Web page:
More Scouse, Saddam?

Tue 16th – Sat 20th August 2016


Ellie Bartram

at 18:24 on 20th Aug 2016



‘More Scouse, Saddam?’ depicts the journey of three decorators as they travel from Liverpool to Baghdad in search of work, and find themselves held hostage by Saddam Hussein in 1990. The narrative is based on the real-life experience of Dave Thelwell who was decorating Saddam’s palace in Baghdad when Britain and the USA declared war on Iraq.

Writer Mike Howl couples humorous moments with far more tragic themes, creating a production that is both informative and lighthearted. Indeed, the use of humour to educate the audience about darker issues works effectively throughout. Surprisingly, the performance isn’t too emotionally heavy – yes, at points it is extremely emotionally charged, intense and gripping - but it isn’t difficult to watch. Rather, it is engaging in its lighthearted tone.

Dave (Andrew Games), Jimmy (Alex Jones) and Norman (Sean Bradshaw), comically-characterized lads from Liverpool, provide a hilarious portrait of working class family men. A particularly comical scene in which Jimmy (Alex Jones) expresses greater concern about losing a bet than being taken hostage by Saddam Hussein embodies the type of humour present in this play. As the plot progresses, Dave, Jimmy and Norman are forced to work for no pay, and are banished from their five-star hotel in Baghdad. In reaction to these problems, Dave (Games) steals centrepieces from Saddam Hussein’s palace, transporting them to his own accommodation and using them to transform his lodgings into a nightclub. This use of comedy makes the complexity of the show’s political context both accessible, and easily-digestible for audiences.

The emotional tone of the performance is best conveyed through the characters of Jackie (Ciara O’Neill) and Joan (Leanne Martin), the wives of David (Andrew Games) and Jimmy (Alex Jones), as we see their lives unravel in the absence of their husbands. They feature in many hilarious scenes, but also deeply touching ones in which their facades are stripped back to reveal great depth to their charming characters. However, on the whole, the show’s comic elements outshine its more tragic ones. I would prefer to see slightly more depth given to some of the show’s darker moments, particularly in the build up to and during the hostage scenes.

Nonetheless, ‘More Scouse, Saddam?’ is certainly an enlightening performance. It is well worth a watch if you are looking for a lighthearted play with a deeper message.


Laura Whetherly

at 21:11 on 20th Aug 2016



Three Scouse lads. One drunken conversation in a pub. An unexpected hostage situation. 'More Scouse, Saddam?' is a piece of drama inspired by bizarre true events, written by one of the men who was there. In the summer of 1990, when relations between the UK and Iraq were still stable, three young Liverpudlians volunteered to head out to Baghdad to do some work on Saddam Hussein’s new palace. After Iraq invaded Kuwait, British citizens in Iraq were taken hostage – the three lads amongst them.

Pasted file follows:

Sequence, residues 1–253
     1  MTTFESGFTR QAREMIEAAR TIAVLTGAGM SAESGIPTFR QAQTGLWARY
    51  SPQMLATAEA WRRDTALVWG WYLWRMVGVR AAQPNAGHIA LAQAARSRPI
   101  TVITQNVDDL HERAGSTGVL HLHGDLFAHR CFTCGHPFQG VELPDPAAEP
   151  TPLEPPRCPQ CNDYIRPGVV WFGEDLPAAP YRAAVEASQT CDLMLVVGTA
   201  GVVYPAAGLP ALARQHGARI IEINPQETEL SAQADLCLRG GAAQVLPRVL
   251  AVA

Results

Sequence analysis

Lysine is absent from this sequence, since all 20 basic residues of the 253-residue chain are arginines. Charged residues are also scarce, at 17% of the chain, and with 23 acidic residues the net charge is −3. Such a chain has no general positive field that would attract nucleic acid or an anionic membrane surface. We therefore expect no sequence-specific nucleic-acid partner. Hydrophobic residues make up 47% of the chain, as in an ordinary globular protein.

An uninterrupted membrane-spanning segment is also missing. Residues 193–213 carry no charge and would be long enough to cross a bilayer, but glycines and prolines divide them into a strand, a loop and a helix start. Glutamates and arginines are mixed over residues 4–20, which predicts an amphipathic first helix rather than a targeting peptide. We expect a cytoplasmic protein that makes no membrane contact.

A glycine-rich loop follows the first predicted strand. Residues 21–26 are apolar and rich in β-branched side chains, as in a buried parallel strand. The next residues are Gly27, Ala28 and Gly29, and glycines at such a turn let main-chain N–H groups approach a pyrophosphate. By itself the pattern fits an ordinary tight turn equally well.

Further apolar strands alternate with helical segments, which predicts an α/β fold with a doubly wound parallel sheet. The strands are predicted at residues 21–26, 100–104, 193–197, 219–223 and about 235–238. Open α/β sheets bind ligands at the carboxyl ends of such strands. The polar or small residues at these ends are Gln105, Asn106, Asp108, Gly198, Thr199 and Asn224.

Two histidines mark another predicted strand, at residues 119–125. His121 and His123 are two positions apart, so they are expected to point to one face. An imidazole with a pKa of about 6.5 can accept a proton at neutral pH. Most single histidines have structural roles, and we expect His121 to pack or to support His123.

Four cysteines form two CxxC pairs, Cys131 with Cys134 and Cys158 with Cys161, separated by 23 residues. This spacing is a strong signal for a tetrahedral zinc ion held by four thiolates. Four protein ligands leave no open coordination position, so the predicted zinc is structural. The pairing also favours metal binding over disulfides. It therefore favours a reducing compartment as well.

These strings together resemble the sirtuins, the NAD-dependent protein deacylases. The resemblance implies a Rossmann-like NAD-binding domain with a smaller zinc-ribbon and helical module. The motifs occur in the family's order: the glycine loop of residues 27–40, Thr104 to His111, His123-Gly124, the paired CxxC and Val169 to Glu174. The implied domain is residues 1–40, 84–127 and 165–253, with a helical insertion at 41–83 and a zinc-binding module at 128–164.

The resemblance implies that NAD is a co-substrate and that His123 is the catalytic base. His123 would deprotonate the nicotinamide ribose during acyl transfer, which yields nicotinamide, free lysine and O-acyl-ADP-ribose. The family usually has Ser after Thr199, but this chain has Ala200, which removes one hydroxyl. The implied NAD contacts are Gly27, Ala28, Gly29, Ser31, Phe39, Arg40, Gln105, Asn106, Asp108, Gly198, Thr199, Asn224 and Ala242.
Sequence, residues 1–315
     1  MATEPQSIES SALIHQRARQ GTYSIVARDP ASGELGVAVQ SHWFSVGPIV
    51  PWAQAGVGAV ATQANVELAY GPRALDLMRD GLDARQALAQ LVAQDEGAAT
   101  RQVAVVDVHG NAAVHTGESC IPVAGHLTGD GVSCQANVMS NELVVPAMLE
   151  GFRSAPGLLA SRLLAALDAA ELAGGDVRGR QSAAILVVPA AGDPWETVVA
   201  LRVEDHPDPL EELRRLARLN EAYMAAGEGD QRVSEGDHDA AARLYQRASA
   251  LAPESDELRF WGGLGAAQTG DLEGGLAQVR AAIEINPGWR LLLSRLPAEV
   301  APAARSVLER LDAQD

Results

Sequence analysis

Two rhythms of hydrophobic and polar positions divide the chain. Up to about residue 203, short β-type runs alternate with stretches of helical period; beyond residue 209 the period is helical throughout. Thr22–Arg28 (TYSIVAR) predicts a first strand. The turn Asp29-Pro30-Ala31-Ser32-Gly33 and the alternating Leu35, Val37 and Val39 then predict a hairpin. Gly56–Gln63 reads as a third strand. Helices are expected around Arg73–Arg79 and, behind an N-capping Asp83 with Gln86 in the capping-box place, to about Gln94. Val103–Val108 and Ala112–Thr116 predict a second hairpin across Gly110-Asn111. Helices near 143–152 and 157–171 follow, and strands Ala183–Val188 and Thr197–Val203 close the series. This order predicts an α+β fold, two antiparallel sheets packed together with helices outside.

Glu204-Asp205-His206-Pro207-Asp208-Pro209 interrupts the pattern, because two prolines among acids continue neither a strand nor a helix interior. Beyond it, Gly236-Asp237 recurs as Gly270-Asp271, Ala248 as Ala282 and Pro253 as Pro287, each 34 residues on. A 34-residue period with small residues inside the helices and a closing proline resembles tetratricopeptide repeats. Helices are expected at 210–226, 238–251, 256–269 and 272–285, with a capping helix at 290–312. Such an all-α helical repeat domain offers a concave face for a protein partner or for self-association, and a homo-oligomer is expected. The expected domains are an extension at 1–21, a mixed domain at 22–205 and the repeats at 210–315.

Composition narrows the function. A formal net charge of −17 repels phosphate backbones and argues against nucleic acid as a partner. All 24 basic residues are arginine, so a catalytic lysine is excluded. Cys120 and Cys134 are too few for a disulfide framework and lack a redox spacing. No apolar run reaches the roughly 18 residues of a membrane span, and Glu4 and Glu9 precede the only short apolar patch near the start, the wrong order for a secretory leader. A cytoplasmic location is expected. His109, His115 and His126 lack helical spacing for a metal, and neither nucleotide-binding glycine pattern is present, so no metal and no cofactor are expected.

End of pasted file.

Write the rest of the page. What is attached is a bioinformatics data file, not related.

Dave Thelwell’s comedy drama is an unexpectedly funny, endearing piece of theatre, performed by a cast who are clearly engaged with the real story behind the plot. This isn’t the slickest show – in the performance we watch, one actor entirely breaks character when his fake moustache began to slip, grumbling about “cheap props” – but that suits the nature of the show.

Alongside the main plotline about the Scouse lads kept hostage in a hotel, 'More Scouse, Saddam?' follows the stories of their wives left behind at home, from initial levity about the situation towards fear, and, finally, action. Ciara O’Neill as Jackie and Leanne Martin as Joan steal the show, utterly believable as opinionated Scouse women caught up in events far beyond anything they’d imagined. This particularly comes across in the touching telephone scenes between the wives and husbands, hitting the balance just right between comedy and emotionally-charged drama.

Partially devised by the cast, the script is funny, fast-moving and naturalistic, performed with high energy. Although slapstick and a story about a hostage situation don’t seem natural partners, in this case it works; the protagonists are ordinary people and try to make light of what’s going on around them in order to understand it.

There are some issues with the script – the plot twist (namely that the protagonists become hostages) isn’t made explicit until quite late in the show, and this can be confusing if the audience aren’t aware of the plot beforehand. A later twist, which involves the building of a nightclub, has a lot of potential but is never fully explored or explained, instead being brushed aside in favour of the wives subplot.

Despite these issues, however, 'More Scouse, Saddam?' is still well worth a watch. It’s funny, honest, and, above all, true. For a down-to-earth piece of simple comedy drama, 'More Scouse, Saddam?' packs a punch, and this new drama company clearly have a lot of potential for the future.


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